“Women Priests” Are Living a Lie
Just as I was putting the last stitches into the Halloween costumes I was making for my preschool grandsons, a story in the Cincinnati Enquirer reported that a local Sister of the Precious Blood was excommunicated and dismissed from her order because she had attempted to be “ordained.”
A photo accompanying the article showed Letitia “Tish” Rawles, clad in an alb and stole, being “ordained” by Bridget Mary Meehan, who was decked out in a patchwork chasuble. Meehan also is a former sister excommunicated for her “ordination” and now a “bishop” in the renegade Association of Roman Catholic Women Priests (ARCWP).
I could not help comparing these women to my grandsons, who also were about to put on their costumes and pretend they were someone they are not: Royal Guardsmen who protect Queen Elizabeth.
There is a huge difference between these two masquerades, though. The grandkids knew their costumes were innocent, temporary Halloween fun that did not magically transform them into another role they are ineligible to fill.
Rawles and Meehan and their women “priest” cohorts, however, are living a lie and deceiving themselves as well as other people. They claim that they are real priests who are creating the kind of church that Jesus allegedly wants. As the ARCWP website states: “We lead inclusive, enthusiastic, egalitarian communities where all are welcome to receive sacraments.”
Their motivation to be “priests” is their conclusion that women will not be considered equal to men in the eyes of the Church unless and until we can be ordained. Happily, I and most of the Catholic women I know do not suffer from that lack of self-esteem, but I digress.
The question that must be asked is “Where do these women get the authority to become ‘priests’?” From themselves, or course, for they assert the “primacy of conscience,” an erroneous concept left over from the 1960s that allows an individual to determine right from wrong based not on objective moral truths, but rather based solely on one’s own feelings.
Meehan wrote this for the ARCWP website: “I am passionate about primacy of conscience. We, in the women priests movement, are following our consciences in prophetic obedience to the Spirit by disobeying an unjust man-made canon law 1024 in ordaining women. In order to change an unjust law, sometimes, one has to break it.”
To help other women become priests, the ARCWP runs an online “People’s Catholic Seminary” with courses such as “Reshaping the Priesthood as a Discipleship of Equals.”
Of course, missing from the curriculum is any reference to the necessity of a well-formed conscience based on objective truth expressed in the teachings of the Church, not made up according to one’s own whims and wishes or inspiration from a nebulous “spirit,” who apparently tells a person whatever she wants to hear.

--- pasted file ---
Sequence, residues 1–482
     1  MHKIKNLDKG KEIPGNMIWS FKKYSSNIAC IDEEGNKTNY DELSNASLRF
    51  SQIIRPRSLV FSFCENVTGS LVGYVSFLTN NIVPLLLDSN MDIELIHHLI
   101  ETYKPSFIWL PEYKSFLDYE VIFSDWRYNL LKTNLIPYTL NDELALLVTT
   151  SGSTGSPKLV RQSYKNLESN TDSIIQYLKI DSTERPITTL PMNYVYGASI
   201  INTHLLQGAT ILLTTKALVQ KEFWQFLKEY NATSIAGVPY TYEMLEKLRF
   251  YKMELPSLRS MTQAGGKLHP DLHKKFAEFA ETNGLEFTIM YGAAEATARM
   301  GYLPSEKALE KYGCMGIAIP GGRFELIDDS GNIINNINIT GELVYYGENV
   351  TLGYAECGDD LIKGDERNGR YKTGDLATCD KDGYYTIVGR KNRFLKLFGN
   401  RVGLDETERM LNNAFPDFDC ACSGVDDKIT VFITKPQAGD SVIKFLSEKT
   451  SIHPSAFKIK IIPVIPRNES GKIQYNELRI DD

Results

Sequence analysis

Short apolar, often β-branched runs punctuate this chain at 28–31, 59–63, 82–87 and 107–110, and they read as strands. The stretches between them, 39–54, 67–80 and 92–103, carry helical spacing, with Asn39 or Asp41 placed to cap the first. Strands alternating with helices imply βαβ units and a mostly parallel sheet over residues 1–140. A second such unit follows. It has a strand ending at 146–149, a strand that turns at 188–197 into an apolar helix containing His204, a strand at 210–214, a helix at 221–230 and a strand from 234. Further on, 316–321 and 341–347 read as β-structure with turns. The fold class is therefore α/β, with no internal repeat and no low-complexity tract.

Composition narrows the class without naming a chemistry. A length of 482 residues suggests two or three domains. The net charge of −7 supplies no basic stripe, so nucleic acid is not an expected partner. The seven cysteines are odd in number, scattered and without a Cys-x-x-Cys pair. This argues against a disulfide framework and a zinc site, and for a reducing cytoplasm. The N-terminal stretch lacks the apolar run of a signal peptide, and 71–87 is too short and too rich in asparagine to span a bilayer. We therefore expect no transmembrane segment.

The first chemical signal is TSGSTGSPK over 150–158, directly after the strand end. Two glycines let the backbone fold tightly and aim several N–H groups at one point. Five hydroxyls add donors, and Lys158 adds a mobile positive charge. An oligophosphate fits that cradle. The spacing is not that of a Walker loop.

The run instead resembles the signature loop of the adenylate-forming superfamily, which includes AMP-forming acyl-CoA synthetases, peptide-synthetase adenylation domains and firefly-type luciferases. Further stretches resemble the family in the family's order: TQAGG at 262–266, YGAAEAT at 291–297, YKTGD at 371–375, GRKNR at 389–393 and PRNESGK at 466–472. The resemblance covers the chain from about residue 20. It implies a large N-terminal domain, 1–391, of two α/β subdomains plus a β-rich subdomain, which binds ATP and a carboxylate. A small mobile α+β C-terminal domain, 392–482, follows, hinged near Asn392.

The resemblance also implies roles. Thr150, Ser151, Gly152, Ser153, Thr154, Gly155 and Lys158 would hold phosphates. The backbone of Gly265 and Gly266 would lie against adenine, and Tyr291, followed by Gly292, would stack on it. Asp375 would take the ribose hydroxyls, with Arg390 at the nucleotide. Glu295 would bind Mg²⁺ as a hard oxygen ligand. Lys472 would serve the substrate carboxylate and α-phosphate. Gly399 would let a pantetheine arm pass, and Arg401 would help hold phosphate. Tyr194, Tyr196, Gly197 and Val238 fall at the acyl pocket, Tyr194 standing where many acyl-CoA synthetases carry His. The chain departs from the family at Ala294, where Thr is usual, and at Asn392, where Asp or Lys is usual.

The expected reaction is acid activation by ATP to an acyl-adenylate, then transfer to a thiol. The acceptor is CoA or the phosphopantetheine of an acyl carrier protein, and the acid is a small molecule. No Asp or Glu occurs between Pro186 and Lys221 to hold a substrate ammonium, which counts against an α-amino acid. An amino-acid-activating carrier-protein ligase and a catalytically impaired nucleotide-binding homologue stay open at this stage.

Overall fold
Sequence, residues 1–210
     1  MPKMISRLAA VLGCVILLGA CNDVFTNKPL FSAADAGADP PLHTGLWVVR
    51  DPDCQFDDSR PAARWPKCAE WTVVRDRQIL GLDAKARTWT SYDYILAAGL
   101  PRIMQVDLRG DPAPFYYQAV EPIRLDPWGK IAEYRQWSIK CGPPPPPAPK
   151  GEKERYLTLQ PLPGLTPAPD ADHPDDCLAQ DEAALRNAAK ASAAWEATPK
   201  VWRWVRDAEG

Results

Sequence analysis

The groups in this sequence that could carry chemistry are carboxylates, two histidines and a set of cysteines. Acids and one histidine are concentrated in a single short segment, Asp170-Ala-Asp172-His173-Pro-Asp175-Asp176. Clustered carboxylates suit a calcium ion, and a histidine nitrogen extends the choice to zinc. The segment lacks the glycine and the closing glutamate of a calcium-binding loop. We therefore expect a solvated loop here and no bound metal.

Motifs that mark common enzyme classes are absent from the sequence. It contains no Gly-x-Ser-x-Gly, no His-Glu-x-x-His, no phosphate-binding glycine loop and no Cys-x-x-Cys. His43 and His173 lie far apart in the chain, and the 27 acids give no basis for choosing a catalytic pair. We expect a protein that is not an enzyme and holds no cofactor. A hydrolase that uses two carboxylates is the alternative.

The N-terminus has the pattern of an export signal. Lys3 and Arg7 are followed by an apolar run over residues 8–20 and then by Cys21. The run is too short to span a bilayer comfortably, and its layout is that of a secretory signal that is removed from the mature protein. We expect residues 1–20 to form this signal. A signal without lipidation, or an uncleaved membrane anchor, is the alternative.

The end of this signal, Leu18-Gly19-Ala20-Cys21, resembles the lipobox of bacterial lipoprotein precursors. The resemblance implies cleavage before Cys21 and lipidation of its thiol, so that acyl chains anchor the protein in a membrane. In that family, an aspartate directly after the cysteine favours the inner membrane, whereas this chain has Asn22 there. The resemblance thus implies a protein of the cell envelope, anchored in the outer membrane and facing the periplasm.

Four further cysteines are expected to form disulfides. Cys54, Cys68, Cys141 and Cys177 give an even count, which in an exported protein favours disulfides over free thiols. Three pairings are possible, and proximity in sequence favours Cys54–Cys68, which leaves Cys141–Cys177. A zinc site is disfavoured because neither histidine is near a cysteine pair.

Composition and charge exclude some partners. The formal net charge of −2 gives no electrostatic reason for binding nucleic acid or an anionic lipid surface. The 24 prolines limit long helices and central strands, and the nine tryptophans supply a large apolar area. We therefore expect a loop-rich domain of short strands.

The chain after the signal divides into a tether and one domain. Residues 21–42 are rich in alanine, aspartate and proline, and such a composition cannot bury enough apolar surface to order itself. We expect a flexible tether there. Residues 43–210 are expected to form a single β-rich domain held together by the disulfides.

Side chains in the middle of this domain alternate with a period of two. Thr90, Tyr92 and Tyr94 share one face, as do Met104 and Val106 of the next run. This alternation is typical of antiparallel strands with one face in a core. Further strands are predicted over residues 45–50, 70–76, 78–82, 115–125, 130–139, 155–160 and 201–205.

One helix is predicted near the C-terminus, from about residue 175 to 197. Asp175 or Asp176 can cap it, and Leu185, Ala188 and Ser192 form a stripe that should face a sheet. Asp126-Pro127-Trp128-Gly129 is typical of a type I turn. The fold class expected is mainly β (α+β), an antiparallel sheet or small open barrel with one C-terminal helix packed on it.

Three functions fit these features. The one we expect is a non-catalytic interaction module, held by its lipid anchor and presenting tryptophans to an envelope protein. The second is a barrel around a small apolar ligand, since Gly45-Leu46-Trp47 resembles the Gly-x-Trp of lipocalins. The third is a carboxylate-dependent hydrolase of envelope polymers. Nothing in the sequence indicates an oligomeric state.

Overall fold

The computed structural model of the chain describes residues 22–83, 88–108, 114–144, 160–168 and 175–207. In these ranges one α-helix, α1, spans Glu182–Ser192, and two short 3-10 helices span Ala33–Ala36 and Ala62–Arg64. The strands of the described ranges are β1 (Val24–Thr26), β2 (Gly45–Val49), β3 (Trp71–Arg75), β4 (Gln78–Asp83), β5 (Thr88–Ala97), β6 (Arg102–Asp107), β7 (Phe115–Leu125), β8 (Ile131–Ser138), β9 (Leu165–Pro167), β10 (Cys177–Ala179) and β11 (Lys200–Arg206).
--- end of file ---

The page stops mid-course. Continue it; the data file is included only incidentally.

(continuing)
As the Catechism of the Catholic Church (1783) states: “The education of conscience is indispensable for human beings who are subjected to negative influences and tempted by sin to prefer their own judgment and to reject authoritative teachings.”
The ignorance and pride of the ARCWP movement is further expressed in an online petition asking Pope Francis to “ensure Sister Tish Rawles can continue as a Sister of the Precious Blood by overturning her excommunication and all excommunications. As we enter the Year of Mercy, the People of God ask you to show Christ's mercy to Sister Tish and all who have been excommunicated.”
Again, proponents of the ARCWP misunderstand a key concept of the faith: The Year of Mercy—beginning on the Feast of the Immaculate Conception this Dec. 8 and concluding on the Feast of Christ the King Nov. 20, 2016—does not mean a free pass to do whatever one pleases and expect no consequences.
Rather, in declaring the Year of Mercy, Pope Francis stressed the need for repentance and conversion. In the papal bull on the Year of Mercy he wrote: “Let us place the Sacrament of Reconciliation at the centre once more in such a way that it will enable people to touch the grandeur of God’s mercy with their own hands. For every penitent, it will be a source of true interior peace.”
That repentance and acceptance of the authority of the Church is indeed what excommunication is all about: Excommunication is medicinal, not punitive, and is intended to encourage the person to consider her actions, contemplate the loss of communion with the Church, and hopefully repent of the actions that incurred the excommunication and return to the full practice of the faith.
Until that happens, Rawles and Meehan and their sister “priests” likely will continue to dress up in their costumes and pretend that they are conferring the sacraments; but they are not priests any more than my preschool grandsons are real guardsmen at Buckingham Palace.